Your liver is the main organ of detoxification in your body. Your liver sorts all the waste and toxic chemicals that get into your system and filters them out. By chemically decomposing toxins, your liver turns these wastes into a liquid that is eliminated through your sweat, urine or stools.
Many factors can slow the liver’s ability to function at its best. If you eat a diet containing fats and chemical preservatives, makes the liver work harder. When you consume too much alcohol, you are exposed to a lot of environmental toxins, such as pesticides, or have a major hormone imbalance, your liver may not be able to keep up. Other factors like as aging and exposure to heavy metals, such as lead and mercury, can all slow the liver’s detoxification process.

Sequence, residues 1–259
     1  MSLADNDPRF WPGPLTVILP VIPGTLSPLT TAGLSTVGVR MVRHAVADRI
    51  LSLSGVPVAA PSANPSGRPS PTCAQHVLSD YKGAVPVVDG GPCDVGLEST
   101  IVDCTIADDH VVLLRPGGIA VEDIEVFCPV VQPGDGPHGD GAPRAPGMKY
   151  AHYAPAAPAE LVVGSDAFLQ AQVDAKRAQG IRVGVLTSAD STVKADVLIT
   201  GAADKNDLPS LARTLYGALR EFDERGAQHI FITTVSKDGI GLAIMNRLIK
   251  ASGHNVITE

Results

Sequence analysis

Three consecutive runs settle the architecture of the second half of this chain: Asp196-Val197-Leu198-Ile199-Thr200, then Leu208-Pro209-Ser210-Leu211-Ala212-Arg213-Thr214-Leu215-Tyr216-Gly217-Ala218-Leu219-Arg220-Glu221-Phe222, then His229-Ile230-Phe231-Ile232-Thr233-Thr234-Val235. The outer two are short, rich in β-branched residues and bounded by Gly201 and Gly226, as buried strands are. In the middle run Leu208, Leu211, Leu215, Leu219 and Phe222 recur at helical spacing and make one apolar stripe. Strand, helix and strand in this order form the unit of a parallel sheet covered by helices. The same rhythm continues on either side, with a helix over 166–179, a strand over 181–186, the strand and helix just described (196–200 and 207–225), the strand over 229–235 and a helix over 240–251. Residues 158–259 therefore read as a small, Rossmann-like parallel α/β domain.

Additional toxins that your liver might not process are stored in fat cells and tissues in an attempt to safely remove them from your bloodstream where they could cause serious serious damage. When highly toxic substances, especially heavy metals, remain in the liver and other tissues, it can lead to unpleasant symptoms and eventually disease. For example, heavy metals that accumulate in fat and tissue can lead to dysfunction in the brain.
When the liver becomes sluggish
The symptoms that show up can be difficult to relate directly to liver problems. For example, premenstrual discomfort can come from too much of the circulating estrogen hormone in the blood, which occurs when your liver is not breaking down the excess.
The liver has two ways for detoxification: